Dietary cocoa ameliorates obesity-related inflammation in high fat-fed mice
- 1.3k Downloads
To investigate the effect of cocoa powder supplementation on obesity-related inflammation in high fat (HF)-fed obese mice.
Male C57BL/6J (n = 126) were fed with either low-fat (LF, 10 % kcal from fat) or HF (60 % kcal from fat) diet for 18 weeks. After 8 weeks, mice from HF group were randomized to HF diet or HF diet supplemented with 8 % cocoa powder (HF–HFC group) for 10 weeks. Blood and tissue samples were collected for biochemical analyses.
Cocoa powder supplementation significantly reduced the rate of body weight gain (15.8 %) and increased fecal lipid content (55.2 %) compared to HF-fed control mice. Further, cocoa supplementation attenuated insulin resistance, as indicated by improved HOMA-IR, and reduced the severity of obesity-related fatty liver disease (decreased plasma alanine aminotransferase and liver triglyceride) compared to HF group. Cocoa supplementation also significantly decreased plasma levels of the pro-inflammatory mediators interleukin-6 (IL-6, 30.4 %), monocyte chemoattractant protein-1 (MCP-1, 25.2 %), and increased adiponectin (33.7 %) compared to HF-fed mice. Expression of pro-inflammatory genes (Il6, Il12b, Nos2, and Emr1) in the stromal vascular fraction (SVF) of the epididymal white adipose tissue (WAT) was significantly reduced (37–56 %) in the cocoa-supplemented mice.
Dietary supplementation with cocoa ameliorates obesity-related inflammation, insulin resistance, and fatty liver disease in HF-fed obese mice, principally through the down-regulation of pro-inflammatory gene expression in WAT. These effects appear to be mediated in part by a modulation of dietary fat absorption and inhibition of macrophage infiltration in WAT.
KeywordsTheobroma cacao Cocoa Polyphenols Inflammation Obesity
Adipose tissue-associated macrophage
Degree of polymerization
High-fat diet supplemented with 8 % cocoa powder
Homeostasis model assessment of insulin resistance
Inducible nitric oxide synthase
Monocyte chemoattractant protein-1
Obesity-related fatty liver disease
Stromal vascular fraction
Tumor necrosis factor-α
White adipose tissue
The authors would like to acknowledge Dr. Sarah Forester, Ms. Sudathip Sae-tan, Ms. Tongtong Xu, Ms. Ling Tao, Mr. Zachary Bitzer, and Ms. Amy Brownschidle for technical assistance.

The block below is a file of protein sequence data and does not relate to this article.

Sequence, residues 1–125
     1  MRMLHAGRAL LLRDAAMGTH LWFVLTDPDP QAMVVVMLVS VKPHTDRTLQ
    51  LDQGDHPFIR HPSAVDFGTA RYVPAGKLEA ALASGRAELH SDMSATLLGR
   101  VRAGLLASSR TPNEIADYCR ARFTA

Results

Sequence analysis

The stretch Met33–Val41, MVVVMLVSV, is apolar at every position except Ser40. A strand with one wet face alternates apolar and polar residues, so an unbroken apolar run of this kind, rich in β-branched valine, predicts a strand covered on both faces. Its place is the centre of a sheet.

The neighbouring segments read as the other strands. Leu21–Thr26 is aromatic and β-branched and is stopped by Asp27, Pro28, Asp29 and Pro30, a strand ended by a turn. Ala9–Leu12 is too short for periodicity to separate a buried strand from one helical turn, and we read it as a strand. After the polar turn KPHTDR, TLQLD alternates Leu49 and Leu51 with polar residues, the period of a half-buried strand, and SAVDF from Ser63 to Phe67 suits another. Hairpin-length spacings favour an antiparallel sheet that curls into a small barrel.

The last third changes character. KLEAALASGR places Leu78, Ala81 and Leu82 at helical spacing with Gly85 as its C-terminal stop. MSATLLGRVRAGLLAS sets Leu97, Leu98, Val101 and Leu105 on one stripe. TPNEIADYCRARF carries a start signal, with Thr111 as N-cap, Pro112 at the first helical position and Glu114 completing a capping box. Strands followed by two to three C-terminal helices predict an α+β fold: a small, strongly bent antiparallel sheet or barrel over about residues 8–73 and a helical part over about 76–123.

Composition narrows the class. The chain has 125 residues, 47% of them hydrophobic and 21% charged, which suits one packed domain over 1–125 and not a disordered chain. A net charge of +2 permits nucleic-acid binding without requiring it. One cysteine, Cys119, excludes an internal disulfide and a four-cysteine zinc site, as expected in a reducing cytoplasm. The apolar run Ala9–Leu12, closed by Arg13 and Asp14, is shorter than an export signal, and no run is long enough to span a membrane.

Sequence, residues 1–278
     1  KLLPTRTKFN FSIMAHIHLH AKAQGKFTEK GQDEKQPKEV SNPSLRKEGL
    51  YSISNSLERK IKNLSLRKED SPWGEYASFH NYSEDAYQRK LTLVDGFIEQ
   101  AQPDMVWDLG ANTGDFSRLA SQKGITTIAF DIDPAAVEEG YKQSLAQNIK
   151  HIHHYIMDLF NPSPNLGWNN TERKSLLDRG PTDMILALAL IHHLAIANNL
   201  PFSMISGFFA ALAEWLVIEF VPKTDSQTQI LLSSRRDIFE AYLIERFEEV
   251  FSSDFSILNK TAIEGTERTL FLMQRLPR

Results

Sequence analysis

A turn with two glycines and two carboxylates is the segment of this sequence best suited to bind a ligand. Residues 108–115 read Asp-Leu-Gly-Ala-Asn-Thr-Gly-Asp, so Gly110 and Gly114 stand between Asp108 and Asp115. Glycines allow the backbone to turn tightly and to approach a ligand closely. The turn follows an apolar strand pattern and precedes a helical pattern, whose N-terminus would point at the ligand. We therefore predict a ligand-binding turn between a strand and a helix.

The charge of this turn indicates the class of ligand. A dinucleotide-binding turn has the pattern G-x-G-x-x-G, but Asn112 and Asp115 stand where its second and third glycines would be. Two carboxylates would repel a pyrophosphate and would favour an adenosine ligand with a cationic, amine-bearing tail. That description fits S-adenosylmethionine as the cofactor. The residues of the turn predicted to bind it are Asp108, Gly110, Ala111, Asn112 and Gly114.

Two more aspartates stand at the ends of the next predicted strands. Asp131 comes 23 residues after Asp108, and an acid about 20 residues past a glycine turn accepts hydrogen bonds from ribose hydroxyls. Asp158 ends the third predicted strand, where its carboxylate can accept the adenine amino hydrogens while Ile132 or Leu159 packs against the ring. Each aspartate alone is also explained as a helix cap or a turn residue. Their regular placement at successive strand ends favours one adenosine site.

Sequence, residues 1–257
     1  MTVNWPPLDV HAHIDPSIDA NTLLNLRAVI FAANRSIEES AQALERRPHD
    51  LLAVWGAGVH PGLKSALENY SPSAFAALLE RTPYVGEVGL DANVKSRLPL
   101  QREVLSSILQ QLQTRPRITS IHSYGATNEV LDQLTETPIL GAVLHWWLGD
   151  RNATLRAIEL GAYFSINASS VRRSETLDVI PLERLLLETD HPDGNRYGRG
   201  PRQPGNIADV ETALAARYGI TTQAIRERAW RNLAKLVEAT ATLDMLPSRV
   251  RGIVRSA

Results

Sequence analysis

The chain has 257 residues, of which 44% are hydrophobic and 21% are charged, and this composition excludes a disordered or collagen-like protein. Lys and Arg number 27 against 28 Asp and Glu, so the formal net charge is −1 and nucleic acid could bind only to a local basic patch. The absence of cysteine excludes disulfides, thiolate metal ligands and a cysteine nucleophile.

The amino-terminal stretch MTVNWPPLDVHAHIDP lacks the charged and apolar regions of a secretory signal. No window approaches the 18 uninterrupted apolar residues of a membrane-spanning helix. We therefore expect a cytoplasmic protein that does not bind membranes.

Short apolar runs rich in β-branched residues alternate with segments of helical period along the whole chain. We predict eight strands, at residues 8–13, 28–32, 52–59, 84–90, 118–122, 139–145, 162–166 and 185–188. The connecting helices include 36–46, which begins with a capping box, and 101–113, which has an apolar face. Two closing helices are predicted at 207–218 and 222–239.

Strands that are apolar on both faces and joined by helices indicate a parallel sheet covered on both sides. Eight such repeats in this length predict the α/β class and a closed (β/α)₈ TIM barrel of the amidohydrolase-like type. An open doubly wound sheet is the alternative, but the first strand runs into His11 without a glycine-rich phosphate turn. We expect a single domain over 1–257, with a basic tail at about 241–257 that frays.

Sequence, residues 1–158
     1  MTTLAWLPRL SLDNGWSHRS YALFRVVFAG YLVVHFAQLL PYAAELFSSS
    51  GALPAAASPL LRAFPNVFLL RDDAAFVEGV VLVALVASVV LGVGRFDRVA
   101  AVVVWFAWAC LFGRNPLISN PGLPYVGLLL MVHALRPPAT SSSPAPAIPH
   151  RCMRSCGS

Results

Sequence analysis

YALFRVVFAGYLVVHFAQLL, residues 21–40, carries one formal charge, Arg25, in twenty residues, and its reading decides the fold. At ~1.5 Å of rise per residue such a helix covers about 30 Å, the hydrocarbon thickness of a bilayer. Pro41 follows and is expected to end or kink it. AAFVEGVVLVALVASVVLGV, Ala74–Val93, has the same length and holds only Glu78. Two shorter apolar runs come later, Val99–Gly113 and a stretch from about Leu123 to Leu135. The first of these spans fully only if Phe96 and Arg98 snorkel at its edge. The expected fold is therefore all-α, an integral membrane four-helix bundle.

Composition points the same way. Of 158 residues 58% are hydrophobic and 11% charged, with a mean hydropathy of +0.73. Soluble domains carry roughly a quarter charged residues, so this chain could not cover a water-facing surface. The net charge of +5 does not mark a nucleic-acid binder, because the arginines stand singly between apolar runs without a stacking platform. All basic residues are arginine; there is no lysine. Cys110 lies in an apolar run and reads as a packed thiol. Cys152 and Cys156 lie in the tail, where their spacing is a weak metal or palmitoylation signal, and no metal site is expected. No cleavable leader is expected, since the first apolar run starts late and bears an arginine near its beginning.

Conflict of interest
- 5.Wellen KE, Hotamisligil GS (2003) Obesity-induced inflammatory changes in adipose tissue. J Clin Invest 112:1785–1788Google Scholar
- 7.Kanamoto Y, Yamashita Y, Nanba F, Yoshida T, Tsuda T, Fukuda I, Nakamura-Tsuruta S, Ashida H (2011) A black soybean seed coat extract prevents obesity and glucose intolerance by up-regulating uncoupling proteins and down-regulating inflammatory cytokines in high-fat diet-fed mice. J Agric Food Chem 59:8985–8993CrossRefGoogle Scholar
- 8.Weisberg SP, Mccann D, Desai M, Rosenbaum M, Leibel RL, Ferrante AW (2003) Obesity is associated with macrophage accumulation in adipose tissue. J Clin Invest 112:1796–1808Google Scholar
- 13.Selmi C, Mao TK, Keen CL, Schmitz HH, Gershwin ME (2006) The anti-inflammatory properties of cocoa flavanols. Inflammation 47:163–171Google Scholar
- 20.Yamashita Y, Okabe M, Natsume M, Ashida H (2012) Prevention mechanisms of glucose intolerance and obesity by cacao liquor procyanidin extract in high-fat diet-fed C57BL/6 mice. Arch Biochem Biophys 2012:1–10Google Scholar
- 21.Mao T, Water JVD, Keen CL, Schmitz HH, Gershwin ME (2000) Cocoa Procyanidins and Human Cytokine Transcription and Secretion. J Nutr 130:2093–2099Google Scholar
- 25.Kenny TP, Keen CL, Schmitz HH, Gershwin ME, Enny THPK, Een CARLLK, Chmitz HAHS (2007) Immune effects of procyanidin oligomers on peripheral blood mononuclear cells. Exp Biol Med 232:293–300Google Scholar
- 29.Xu H, Barnes GT, Yang Q, Tan G, Yang D, Chou CJ, Sole J, Nichols A, Ross JS, Tartaglia LA, Chen H (2003) Chronic inflammation in fat plays a crucial role in the development of obesity-related insulin resistance. J Clin Invest 112:1821–1830Google Scholar
- 32.Grassi D, Lippi C, Necozione S, Desideri G, Ferri C (2005) Short-term administration of dark chocolate is followed by a significant increase in insulin sensitivity and a decrease in blood pressure in healthy persons. Am J Clin Nutr 81:611–614Google Scholar
- 38.Buechler C, Wanninger J, Neumeier M (2011) Adiponectin, a key adipokine in obesity related liver diseases. World J Gastroenterol 17:2801–28011Google Scholar